What we claim is: r

1. The method of treating an electric lamp envelope provided with a coating of light-diffusing material on the inner wall thereof, said coating being of the type which adheres more tenaciously when steam is applied thereto, said method comprising: heating a selected portion of the lamp envelope to a temperature between about 225 F. to about 300 F.; introducing steam into the lamp envelope whereby the said coating is exposed thereto, the steam condensing on the cooler portions of the lamp envelope and effecting a setting of the coating thereon; heating the lamp envelope to remove the moisture introduced therein during steaming; and directing a stream of gas under pressure against the first mentioned heated selected portion of the lamp envelope whereby the coating on said selected portion is removed therefrom.

2. The method of treating on electric lamp envelope provided with a coating of light-diffusing material on the inner wall thereof, said coating being of the type which adheres more tenaciously when steam is applied thereto, said method comprising: heating a selected portion of the lamp envelope to a temperature between about 225 F. to about 300 F.; introducing steam into the lamp envelope whereby the said coating is exposed thereto, the steam condensing on the cooler portions of the lamp envelope and effecting a setting of the coating thereon; heating the lamp envelope to remove the moisture introduced therein during steaming; and directing a stream of air under pressure against the first mentioned heated selected portion of the lamp envelope whereby the coating on said selected portion is removed therefrom.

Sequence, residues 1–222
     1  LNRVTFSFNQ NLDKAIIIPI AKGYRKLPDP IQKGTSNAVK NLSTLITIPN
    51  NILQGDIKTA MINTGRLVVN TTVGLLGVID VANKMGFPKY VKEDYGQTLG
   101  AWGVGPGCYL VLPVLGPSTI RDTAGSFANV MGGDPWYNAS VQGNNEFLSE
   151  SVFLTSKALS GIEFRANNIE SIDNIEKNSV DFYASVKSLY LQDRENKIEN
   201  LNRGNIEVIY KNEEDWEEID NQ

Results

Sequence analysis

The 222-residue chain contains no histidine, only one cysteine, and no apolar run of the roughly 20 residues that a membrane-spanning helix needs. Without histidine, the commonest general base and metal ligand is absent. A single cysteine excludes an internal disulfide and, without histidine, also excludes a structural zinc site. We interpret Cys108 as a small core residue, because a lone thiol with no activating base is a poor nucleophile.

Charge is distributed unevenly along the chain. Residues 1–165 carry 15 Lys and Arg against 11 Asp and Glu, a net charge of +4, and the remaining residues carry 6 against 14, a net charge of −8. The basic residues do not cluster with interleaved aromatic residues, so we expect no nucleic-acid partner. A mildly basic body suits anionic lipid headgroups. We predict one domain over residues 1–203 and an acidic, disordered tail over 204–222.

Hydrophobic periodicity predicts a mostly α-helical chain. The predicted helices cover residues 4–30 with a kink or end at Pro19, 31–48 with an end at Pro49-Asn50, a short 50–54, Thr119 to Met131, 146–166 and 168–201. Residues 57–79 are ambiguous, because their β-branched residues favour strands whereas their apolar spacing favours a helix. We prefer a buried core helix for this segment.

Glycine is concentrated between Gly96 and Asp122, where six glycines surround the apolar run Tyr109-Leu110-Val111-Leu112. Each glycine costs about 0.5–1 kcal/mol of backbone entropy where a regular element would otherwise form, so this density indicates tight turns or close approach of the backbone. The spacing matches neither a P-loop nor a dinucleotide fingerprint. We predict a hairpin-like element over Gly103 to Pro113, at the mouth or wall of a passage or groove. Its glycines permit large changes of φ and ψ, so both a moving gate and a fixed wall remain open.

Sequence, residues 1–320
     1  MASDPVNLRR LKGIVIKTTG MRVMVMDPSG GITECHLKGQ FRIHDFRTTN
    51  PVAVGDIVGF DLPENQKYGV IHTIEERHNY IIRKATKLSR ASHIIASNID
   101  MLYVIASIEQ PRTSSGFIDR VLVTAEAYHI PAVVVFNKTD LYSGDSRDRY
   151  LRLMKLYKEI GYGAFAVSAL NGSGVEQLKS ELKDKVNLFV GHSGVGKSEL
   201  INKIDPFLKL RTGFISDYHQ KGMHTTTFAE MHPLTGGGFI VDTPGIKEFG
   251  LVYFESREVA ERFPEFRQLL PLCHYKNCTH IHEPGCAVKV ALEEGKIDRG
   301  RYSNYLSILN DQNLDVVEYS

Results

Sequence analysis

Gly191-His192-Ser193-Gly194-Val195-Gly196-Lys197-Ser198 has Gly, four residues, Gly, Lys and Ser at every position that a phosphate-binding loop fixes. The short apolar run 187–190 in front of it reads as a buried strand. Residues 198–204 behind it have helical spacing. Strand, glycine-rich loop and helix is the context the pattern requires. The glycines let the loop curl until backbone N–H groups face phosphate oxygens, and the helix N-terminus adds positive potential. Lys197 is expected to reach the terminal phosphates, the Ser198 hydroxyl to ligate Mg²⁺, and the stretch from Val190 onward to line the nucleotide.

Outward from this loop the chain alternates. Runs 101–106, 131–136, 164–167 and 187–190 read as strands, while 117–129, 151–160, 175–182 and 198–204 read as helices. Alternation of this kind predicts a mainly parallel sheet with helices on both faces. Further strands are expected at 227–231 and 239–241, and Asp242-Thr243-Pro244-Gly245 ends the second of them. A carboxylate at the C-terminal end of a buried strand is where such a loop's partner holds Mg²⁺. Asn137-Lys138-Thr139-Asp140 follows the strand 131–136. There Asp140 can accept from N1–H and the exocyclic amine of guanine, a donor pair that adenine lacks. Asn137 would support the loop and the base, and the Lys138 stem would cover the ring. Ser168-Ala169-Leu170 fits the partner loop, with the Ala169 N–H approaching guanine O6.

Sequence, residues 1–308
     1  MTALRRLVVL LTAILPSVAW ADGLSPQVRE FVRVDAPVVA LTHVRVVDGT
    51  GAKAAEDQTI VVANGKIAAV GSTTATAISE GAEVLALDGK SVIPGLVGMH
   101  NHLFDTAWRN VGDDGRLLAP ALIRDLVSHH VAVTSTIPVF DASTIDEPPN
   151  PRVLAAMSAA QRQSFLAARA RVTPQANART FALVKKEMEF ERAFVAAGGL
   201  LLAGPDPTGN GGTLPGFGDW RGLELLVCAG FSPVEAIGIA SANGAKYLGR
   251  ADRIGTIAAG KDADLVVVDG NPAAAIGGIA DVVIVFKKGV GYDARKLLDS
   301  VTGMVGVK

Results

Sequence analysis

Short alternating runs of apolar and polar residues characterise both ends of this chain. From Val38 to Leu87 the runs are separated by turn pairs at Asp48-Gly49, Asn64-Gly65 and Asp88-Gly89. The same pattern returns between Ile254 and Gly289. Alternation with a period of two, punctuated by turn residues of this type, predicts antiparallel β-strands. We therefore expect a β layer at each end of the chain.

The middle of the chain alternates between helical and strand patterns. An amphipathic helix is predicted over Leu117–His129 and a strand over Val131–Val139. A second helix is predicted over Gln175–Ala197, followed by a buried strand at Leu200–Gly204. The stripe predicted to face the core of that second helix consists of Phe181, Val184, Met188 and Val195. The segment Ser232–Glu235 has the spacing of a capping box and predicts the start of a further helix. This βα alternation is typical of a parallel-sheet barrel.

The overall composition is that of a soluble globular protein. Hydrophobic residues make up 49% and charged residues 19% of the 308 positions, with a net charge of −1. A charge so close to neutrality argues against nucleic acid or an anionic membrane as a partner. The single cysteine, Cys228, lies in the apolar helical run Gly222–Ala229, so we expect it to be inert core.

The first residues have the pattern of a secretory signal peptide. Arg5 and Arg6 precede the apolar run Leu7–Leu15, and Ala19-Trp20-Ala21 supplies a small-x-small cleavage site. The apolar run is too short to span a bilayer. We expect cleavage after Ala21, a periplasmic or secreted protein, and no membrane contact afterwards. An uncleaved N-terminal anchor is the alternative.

3. The method of treating an electric lamp envelope provided with a coating of light-diffusing material on the inner wall thereof, said coating being of the typewhich adheres more tenaciously when steam is applied thereto,